In this low-key lighting tutorial we’ll show you how to use a single flashgun to light your subjects for truly atmospheric images.
Low-key lighting makes the most of dark tones and shadows to create images with drama and atmosphere.
Unlike high-key photography, which requires plenty of natural or artificial light, a low-key lighting shoot requires very little.
The backdrop needs to be mostly hidden in the shadows, while particular features on the subject are illuminated to make them stand out.
This means that when you’re shooting low-key portraits you don’t need much in the way of lighting kit – a single flashgun mounted off-camera will be adequate.
Some DSLRs have an integrated transmitter, which enables you to fire a compatible external flash via the camera’s pop-up flash.
If your camera doesn’t have this feature you’ll need a wireless flash trigger, which is mounted on your camera’s hotshoe.
For this technique the ambient lighting needs to be as low as possible, so shooting indoors is ideal.
You want to eliminate as much of the ambient light as possible, which you can do by narrowing your aperture; a fast shutter speed would achieve the same effect, but on cameras the top flash sync speed is either 1/200 or 1/250 sec.
When you expose for the ambient light you don’t need to worry about underexposing your subject, as the flash will illuminate them – you can simply adjust the flash power as required to expose them correctly.
How to set up your camera for low-key lighting: steps 1-4
A large and spacious room is ideal for this shoot. It doesn’t need to have good natural light – the darker the better in fact – and you don’t need to worry about cluttered backdrops, as only your subject should be visible when you exclude the ambient light.
02 Get set up
For this shoot a standard zoom lens will give you plenty of versatility. You don’t need a ‘fast’ portrait lens with a wide maximum aperture, as we’ll be using flash to light our model rather than relying on natural light.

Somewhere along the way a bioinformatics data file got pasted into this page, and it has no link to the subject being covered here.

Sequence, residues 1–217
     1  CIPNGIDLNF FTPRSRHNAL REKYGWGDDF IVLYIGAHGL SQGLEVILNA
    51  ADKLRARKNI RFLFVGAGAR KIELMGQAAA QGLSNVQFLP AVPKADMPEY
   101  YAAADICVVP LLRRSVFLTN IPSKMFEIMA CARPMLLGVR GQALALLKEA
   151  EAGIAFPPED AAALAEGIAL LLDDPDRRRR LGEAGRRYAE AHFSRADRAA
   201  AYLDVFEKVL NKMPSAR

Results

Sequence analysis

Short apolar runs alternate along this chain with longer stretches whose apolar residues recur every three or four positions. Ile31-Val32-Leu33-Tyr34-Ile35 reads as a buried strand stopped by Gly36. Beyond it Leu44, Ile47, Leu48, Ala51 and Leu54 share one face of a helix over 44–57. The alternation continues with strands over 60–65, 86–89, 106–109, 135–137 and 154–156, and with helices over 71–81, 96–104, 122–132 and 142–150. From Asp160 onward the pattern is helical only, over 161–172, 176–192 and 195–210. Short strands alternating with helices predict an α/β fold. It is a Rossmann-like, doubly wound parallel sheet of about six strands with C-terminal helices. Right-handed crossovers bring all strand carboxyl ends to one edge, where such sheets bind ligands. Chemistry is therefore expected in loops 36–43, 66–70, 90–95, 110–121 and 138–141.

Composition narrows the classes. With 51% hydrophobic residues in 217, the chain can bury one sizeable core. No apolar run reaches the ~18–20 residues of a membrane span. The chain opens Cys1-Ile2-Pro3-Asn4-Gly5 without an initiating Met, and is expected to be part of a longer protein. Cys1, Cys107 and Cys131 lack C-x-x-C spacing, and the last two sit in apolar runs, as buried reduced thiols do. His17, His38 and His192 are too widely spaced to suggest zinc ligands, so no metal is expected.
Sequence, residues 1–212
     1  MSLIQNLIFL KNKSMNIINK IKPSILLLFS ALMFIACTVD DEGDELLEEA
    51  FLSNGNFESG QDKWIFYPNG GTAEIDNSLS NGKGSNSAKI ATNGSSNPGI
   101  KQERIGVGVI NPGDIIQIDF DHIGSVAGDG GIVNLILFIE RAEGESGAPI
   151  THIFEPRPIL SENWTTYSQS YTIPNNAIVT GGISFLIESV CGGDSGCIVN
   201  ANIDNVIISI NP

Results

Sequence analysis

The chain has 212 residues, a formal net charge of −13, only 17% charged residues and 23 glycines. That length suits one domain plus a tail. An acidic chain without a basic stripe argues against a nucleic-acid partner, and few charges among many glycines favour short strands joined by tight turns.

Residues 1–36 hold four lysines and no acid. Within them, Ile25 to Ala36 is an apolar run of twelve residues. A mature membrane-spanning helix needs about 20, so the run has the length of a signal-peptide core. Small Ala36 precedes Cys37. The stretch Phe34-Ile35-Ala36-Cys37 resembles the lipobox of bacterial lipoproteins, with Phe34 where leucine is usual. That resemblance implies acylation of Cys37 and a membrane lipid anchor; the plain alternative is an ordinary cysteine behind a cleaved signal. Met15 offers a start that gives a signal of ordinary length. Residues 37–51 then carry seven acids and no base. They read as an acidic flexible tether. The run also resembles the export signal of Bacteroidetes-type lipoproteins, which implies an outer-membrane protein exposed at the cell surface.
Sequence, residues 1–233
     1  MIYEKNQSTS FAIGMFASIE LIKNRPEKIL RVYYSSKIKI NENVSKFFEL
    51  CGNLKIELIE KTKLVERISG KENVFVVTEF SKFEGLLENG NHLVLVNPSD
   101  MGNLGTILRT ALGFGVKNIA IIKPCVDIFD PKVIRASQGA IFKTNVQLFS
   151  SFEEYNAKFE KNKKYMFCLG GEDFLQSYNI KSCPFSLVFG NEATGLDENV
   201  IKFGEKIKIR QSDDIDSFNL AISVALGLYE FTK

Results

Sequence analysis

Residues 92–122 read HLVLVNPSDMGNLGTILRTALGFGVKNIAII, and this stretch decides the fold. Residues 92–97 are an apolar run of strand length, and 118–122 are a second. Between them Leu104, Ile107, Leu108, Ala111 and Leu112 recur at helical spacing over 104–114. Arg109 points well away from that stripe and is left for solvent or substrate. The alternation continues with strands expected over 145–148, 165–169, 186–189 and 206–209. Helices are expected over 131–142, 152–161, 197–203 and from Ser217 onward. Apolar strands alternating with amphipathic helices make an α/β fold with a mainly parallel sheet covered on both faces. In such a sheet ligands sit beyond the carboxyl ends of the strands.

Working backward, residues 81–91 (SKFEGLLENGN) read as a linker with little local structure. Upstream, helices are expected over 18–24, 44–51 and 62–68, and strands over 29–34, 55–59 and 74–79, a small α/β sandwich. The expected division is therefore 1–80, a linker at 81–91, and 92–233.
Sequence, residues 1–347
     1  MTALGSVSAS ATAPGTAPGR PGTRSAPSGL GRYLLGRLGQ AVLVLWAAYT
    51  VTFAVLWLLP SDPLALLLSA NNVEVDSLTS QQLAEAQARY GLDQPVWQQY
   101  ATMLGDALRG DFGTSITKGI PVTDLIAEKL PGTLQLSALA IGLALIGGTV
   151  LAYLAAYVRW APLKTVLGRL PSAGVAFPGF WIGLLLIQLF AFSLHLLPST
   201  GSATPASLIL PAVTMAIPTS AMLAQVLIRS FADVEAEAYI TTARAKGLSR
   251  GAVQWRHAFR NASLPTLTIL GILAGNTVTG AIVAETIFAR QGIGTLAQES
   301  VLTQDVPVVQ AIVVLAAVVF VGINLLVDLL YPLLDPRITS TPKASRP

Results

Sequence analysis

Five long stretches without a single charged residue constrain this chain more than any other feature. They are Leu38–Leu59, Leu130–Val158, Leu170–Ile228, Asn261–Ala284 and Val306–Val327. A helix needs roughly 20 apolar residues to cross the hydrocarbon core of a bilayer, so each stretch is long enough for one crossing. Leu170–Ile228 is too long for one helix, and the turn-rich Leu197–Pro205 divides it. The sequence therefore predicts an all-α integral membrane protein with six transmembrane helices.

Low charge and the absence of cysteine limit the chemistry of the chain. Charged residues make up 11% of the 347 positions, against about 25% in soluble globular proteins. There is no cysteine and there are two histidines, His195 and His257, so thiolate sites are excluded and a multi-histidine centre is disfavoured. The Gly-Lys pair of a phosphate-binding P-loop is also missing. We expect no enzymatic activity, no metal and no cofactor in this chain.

As we’ll be shooting with an external flashgun you’ll need a light stand or tripod to place it on, using the mount supplied with the flashgun.
03 Camera settings
We want to eliminate as much of the ambient light as possible, so forget about exposing for your subject for the time being.
Set a low ISO of 100 to retain maximum quality for smooth, noise-free shadows, and set your shutter speed to the maximum flash sync speed, which is 1/200 sec (1/250 sec on higher-end EOS cameras). Start with a wide aperture value, such as f/5.6, and take a test shot.
04 Narrow the aperture
If the scene is still fairly light, dial in a narrower aperture and take another test shot, and repeat until you’ve eliminated all the ambient light and the whole scene appears dark.
You can use the histogram to help you; ideally there should be just a few lines of pixels clipped at the left-hand edge of the graph to indicate a heavily underexposed scene.
If you plan to convert your portrait to mono as we have, it’s a good idea to select your DSLR’s Monochrome picture style to give you a better idea of how the image look in black and white; this will also help you to judge how much light your subject needs, and where the shadows will fall.
Make sure you’re shooting in the Raw quality mode though, so that the mono style isn’t applied to your image when you open it in Elements; you can then use the colour information in the image to apply a custom mono conversion.
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